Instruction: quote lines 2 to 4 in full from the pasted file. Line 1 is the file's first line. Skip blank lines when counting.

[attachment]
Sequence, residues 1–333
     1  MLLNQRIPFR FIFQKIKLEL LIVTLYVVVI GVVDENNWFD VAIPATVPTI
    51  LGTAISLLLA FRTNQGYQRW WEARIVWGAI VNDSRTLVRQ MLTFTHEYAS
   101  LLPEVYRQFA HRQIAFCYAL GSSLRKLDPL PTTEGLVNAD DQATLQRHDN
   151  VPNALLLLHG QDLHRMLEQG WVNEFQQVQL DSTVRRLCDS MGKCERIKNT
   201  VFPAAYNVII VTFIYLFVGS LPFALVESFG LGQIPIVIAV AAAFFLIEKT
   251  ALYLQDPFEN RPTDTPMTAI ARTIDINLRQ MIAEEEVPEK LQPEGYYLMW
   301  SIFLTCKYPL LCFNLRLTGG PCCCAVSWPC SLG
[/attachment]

     1  MLLNQRIPFR FIFQKIKLEL LIVTLYVVVI GVVDENNWFD VAIPATVPTI
    51  LGTAISLLLA FRTNQGYQRW WEARIVWGAI VNDSRTLVRQ MLTFTHEYAS
   101  LLPEVYRQFA HRQIAFCYAL GSSLRKLDPL PTTEGLVNAD DQATLQRHDN